Process: The process of this project is to create an array of digital signals that translate over to facial expressions using electric nodes attached to the users major muscles. The project can be linked to music, giving of the illusion that the face is dancing and moving in many areas that do not seem natural.

Statement: Although the original concept was to capture Manabe’s emotional expressions and translate them to another person, the hypothesis was incorrect and the artist found it not possible to recreate emotions such as a smile without human intervention. The project was then used to show synchronized motion between two users faces.

Critique: The concept is interesting, but strays off from its original purpose. I believe that if Manabe could actually find a way to match his expressions to another users face, the response would look much more synchronized than random facial muscle movement.

Project 3:

Project Name/Creators: XSense by Adam Danielsson, Per Nilsson, Melvin Ochsmann, Koen Van Mol, Robert Winters, Tamara Klein, and Andreas Nertlinge

Project URL:

Project Description: This project allows users to experience a natural phenomenon called synesthesia, or the ability to cross associate color, sound, and visuals through the use of a modified helmet. This is a rare occurrence in some people that may cause brain sensors to collaborate due to a chemical imbalance. The result could include hearing visuals or associating color with a taste.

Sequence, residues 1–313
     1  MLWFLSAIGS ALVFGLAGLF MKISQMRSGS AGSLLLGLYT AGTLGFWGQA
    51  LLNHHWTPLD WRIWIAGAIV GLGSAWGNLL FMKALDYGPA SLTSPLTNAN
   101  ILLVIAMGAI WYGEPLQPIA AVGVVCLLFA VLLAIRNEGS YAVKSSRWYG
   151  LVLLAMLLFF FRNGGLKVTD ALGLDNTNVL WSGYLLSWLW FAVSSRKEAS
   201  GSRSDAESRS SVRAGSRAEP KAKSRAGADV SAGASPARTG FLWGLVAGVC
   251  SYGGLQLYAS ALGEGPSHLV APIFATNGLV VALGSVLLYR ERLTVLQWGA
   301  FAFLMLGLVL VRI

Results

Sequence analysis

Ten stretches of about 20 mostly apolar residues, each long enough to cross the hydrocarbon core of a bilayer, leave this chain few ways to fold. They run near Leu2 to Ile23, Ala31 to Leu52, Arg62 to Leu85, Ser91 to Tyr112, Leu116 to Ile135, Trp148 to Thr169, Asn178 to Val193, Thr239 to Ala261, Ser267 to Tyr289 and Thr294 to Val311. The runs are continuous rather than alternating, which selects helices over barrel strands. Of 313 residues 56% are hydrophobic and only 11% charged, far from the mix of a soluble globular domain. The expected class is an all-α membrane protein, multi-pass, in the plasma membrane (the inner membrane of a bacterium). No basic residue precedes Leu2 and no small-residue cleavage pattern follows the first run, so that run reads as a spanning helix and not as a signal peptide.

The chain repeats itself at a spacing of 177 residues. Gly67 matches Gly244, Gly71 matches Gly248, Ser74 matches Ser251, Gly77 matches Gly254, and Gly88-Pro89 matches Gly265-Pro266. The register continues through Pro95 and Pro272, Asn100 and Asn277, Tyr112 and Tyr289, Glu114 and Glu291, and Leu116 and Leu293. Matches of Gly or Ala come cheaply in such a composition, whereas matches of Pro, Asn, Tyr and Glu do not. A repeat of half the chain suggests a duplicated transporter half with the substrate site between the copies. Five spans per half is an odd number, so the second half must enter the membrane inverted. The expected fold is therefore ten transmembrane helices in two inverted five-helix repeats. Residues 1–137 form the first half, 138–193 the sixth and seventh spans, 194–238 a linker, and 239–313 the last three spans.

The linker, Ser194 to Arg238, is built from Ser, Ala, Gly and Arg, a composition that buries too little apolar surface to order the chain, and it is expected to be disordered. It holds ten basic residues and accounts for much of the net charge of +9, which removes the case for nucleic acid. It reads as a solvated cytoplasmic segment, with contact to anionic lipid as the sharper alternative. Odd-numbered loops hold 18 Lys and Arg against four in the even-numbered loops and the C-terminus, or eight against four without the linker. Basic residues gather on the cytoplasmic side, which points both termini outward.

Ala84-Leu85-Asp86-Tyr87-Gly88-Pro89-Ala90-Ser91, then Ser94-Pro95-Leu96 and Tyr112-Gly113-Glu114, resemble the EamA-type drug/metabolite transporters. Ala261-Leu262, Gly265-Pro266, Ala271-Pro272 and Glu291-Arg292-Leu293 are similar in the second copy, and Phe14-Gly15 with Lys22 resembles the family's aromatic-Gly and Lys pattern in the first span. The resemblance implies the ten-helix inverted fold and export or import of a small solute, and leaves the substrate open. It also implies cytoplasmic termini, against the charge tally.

Input: The input in this project is the physical space and events going on around the user. As the user experiences sensory stimulation, the helmet converts the signals or crosses them with other signals. This includes giving the user the ability to receive sound and visualize it through the helmets LED embedded lights.

Output: The output of the project would be the users reaction and response, which gives a sense of special awareness even with sensory inputs being crossed. The best description of the project is that its similar to a sonar system, which allows animals to send sound waves and receive visual awareness of what is around them.

Process: The process of this project takes in environmental stimuli and converts and translates the external signals into the internal components of the helmet. The external inputs being crossed still allow the user to feel as if they can recognize the space around the.

Statement: The statement of this project is to give the users feeling and senses that could not be felt without the chemical imbalance of synesthesia. It almost seems to show that we can still be aware with our senses crossed as the brain has ways of interpreting these new environmental inputs.

Critique: I believe the concept is appealing, but I would like to see how the product could be used in real world scenarios such as providing sensory vision to the blind or even visual hearing for the deaf.